As researchers and prospect managers, we tend to get comfortable sitting in the light of our computer screens. Rarely do we have time or desire to get out of this light and make it into the limelight. We aren’t front and center asking donors for money and we aren’t presenting information to the CEO or VPs of our organizations. (At least not very often, if we do.)
If we aren’t used to these opportunities and one is presented, how do we make sure we make the best of that moment? How do we make an impact that won’t be forgotten? Basically…how do we not mess up or how do we try our hardest in order to get eyed for a promotion?
For the last two years, I’ve been a member of a Toastmasters club. You may be scratching your head and asking, “What is Toastmasters?” If you know what it is, it’s generally due to one of three reasons. 1) Your dad was in it. 2) You saw some flyer about it. 3) You were advised/asked to join due to your lack of speaking skills or shy speaking behaviors, yet didn’t join due to your lack of speaking skills or shy speaking behaviors.
The last reason above hopefully gives a clue as to what Toastmasters is – an international club of people just like you and me who want to better their public speaking skills and improve leadership skills.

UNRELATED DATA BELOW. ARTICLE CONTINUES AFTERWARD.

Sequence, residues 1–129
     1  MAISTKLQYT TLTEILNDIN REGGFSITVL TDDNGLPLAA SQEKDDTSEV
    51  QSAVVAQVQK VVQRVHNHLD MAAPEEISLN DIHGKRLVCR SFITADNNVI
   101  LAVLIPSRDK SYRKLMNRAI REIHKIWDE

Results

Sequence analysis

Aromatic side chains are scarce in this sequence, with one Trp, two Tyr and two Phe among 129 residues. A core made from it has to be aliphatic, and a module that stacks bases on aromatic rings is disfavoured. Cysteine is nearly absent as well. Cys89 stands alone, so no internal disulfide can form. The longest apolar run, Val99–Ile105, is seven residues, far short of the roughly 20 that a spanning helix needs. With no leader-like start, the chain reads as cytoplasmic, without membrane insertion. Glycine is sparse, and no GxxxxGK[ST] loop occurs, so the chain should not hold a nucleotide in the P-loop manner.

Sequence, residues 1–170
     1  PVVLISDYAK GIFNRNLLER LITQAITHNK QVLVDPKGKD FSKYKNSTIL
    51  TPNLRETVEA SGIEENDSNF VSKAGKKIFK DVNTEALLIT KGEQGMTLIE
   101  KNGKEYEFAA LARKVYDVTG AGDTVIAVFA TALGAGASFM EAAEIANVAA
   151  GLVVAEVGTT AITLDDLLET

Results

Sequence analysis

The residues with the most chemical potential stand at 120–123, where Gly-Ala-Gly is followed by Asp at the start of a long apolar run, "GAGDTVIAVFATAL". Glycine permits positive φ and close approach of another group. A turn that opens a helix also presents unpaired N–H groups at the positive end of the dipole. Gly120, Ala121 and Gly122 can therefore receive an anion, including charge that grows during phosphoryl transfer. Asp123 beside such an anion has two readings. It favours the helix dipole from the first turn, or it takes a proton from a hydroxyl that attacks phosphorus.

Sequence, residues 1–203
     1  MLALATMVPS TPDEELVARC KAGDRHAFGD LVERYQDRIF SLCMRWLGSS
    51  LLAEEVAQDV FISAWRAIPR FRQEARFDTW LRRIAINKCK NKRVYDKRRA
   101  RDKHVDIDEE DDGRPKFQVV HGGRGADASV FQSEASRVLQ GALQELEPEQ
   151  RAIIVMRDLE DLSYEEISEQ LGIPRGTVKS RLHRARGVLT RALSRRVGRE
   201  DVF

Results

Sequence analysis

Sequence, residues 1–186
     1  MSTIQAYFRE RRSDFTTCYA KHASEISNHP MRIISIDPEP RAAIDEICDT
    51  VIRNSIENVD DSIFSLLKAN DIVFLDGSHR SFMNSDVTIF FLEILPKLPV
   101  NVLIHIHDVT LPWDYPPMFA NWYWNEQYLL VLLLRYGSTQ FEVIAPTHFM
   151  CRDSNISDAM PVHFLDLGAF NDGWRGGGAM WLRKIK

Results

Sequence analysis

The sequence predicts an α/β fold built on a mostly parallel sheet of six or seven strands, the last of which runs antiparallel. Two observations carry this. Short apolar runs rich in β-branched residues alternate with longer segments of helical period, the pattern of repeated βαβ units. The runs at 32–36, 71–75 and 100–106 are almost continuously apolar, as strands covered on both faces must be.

Why would we, the people who live our lives in the light of the computer, need to better our speaking skills and leadership skills? Because we need to know how to share what we’re doing and why we’re doing – it in a professional way. It’s worthwhile to have your peers and supervisors understand exactly what you do and why you do it. Toastmasters teaches members to speak without using filler words like “Um” and “Uh,” and helps members learn how to formulate speeches that make sense and have a natural flow. It also allows opportunities to practice speaking, because, after all, practice makes perfect.
Like APRA Greater Houston, Toastmasters dues are minimal. Check out the directory of Toastmasters meetings around Houston. There are many locations and times of day to choose from. You’re welcome to visit a club and check out the group of people who are in it. Find one that fits for you. You’ll learn how to speak professionally and gain valuable skills to help you improve your communication and increase your opportunities for successful leadership roles at work. You won’t regret joining.